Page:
Once a tornado has swept through, causing damage in your area, there are hazards that you need to be aware of so that you and others around you will stay safe. Sometimes people get so caught up in the damages, or are ecstatic for still being alive, they don’t stop to think about other dangers from the aftermath.
The very first thing to look for is anyone in your area that is hurt. Administer basic first aid and alert 911 so that emergency services can be enroute. If there are serious injuries, call for medical assistance immediately. Try to stop bleeding my applying pressure to wounds until an ambulance arrives.
Downed power lines are something that should be avoided until local utility companies arrive. Call and report the down power lines, but do not touch them. If they are alive, touching one could kill someone. If your home is damaged and you know how, shut off utilities such as electric, water, and/or gas. Be aware of gas fumes or anything burning and notify authorities while moving far away from the damages.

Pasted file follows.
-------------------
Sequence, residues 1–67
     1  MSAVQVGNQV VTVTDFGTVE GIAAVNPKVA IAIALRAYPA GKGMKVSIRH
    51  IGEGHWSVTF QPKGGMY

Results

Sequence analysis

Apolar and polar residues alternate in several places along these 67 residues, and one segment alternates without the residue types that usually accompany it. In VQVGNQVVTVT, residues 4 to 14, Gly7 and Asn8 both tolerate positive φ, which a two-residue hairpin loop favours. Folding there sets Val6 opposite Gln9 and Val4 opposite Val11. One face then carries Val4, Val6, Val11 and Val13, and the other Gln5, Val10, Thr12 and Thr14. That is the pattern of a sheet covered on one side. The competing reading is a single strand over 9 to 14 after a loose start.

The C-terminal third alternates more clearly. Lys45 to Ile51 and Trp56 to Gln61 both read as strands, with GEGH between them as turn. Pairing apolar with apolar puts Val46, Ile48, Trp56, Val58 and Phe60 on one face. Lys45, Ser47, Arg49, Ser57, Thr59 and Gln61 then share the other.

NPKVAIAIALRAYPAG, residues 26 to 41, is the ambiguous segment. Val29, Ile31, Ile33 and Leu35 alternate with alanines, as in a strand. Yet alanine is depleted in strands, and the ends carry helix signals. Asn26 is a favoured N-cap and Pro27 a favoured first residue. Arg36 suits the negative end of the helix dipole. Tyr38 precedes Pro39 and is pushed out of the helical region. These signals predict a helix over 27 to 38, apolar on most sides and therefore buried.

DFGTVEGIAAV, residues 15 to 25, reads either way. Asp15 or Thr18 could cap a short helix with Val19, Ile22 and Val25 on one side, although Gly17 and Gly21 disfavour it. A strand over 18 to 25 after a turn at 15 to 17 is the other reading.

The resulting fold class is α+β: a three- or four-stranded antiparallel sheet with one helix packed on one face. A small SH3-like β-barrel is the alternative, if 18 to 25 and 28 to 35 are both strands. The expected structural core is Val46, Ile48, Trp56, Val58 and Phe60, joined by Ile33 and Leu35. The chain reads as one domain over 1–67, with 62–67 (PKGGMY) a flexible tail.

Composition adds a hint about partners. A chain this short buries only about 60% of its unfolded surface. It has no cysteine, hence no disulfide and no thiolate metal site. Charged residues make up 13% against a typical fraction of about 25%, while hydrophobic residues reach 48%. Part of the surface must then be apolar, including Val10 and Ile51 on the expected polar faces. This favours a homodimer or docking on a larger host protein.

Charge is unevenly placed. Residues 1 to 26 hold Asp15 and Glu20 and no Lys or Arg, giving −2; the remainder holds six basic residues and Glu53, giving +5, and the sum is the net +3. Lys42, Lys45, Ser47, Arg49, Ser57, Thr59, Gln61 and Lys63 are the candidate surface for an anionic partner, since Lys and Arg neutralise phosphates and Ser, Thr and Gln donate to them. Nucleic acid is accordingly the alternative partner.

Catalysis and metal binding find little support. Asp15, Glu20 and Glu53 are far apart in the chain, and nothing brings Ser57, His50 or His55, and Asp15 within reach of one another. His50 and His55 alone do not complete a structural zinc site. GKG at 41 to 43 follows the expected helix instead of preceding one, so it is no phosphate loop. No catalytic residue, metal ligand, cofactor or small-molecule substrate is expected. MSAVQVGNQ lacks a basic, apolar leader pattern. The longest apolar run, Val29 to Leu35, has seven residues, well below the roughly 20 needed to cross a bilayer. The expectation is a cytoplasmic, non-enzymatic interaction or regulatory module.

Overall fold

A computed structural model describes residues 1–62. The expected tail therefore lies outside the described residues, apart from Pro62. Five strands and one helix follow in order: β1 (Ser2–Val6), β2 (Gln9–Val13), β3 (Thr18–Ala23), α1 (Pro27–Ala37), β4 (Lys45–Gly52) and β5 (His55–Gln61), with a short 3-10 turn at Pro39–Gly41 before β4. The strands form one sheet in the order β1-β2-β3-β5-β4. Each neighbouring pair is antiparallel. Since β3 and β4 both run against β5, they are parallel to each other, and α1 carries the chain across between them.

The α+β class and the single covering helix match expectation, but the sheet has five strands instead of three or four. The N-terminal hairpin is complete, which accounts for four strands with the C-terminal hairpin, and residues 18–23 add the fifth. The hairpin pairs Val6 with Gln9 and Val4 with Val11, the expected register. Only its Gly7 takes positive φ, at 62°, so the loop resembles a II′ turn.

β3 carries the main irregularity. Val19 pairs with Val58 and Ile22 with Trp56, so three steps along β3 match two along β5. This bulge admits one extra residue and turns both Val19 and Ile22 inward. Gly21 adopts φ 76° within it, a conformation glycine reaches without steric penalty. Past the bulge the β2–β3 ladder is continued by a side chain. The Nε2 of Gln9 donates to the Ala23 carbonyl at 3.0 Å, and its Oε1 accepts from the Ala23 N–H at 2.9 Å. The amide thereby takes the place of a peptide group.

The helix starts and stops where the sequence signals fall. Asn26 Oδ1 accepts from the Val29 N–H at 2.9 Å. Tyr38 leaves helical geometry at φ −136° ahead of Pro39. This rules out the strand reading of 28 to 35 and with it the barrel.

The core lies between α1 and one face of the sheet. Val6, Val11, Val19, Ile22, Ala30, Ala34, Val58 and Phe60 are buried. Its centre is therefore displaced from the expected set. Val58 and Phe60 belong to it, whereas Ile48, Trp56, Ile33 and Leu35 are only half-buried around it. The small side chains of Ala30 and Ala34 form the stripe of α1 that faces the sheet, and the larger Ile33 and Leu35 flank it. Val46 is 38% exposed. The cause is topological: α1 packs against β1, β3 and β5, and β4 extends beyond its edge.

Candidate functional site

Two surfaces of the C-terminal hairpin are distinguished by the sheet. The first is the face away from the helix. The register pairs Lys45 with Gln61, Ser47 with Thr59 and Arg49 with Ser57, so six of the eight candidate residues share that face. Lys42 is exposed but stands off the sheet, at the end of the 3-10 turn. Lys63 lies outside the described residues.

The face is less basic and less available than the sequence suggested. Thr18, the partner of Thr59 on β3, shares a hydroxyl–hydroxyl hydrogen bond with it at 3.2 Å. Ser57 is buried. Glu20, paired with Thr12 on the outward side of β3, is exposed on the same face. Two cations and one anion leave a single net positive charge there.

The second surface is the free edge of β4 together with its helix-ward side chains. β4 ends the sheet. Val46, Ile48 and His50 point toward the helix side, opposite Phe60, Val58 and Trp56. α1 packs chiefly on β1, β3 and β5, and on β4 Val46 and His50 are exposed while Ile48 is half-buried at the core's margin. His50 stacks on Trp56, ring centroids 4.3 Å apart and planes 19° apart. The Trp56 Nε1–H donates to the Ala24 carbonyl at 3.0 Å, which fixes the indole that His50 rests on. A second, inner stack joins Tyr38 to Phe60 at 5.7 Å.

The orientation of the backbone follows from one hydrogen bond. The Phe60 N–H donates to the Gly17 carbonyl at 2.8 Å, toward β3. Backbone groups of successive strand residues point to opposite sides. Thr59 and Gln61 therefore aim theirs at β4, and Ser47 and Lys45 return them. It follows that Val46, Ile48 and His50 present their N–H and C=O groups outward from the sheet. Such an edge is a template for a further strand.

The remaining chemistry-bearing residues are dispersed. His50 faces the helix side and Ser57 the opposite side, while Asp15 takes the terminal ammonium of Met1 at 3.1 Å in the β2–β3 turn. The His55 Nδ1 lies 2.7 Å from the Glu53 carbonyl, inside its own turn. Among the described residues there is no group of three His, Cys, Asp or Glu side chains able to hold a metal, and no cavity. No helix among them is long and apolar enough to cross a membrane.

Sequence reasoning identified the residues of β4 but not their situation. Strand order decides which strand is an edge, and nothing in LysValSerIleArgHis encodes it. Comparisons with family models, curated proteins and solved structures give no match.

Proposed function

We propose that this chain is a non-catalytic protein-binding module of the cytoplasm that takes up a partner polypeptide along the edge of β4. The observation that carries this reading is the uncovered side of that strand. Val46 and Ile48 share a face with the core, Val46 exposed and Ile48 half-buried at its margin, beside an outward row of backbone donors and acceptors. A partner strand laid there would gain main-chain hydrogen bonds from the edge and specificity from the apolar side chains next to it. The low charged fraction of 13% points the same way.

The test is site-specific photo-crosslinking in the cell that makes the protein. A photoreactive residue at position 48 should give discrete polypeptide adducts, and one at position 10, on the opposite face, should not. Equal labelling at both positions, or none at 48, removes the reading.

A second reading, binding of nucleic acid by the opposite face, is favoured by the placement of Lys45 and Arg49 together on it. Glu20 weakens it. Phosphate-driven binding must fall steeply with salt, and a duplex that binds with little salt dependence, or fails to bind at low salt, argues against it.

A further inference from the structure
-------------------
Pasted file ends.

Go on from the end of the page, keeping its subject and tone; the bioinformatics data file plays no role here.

Stay away from damaged structures. More than likely, they are unstable and should be avoided until the local Emergency Management officers determine they are safe. With heavy wind and debris damage, sometimes what might look like a stable building could fall over or cave in after the dust has settled.
Be on the lookout for displaced animals. Sometimes animals seek out shelter to get away from rising water or get carried by tornado winds and end up in places that they are unfamiliar with. Animals such as cats, dogs, and wildlife (i.e. snakes) will be disoriented and may strike out against anyone, even if someone might be trying to help them.
While this is not a comprehensive list of things to be aware of, we hope it serves as a reminder to always be watchful not only before and during a tornado, but to know what to look for after a tornado has caused damages. In the aftermath if you are in need of tornado relief, here is some more information that can help.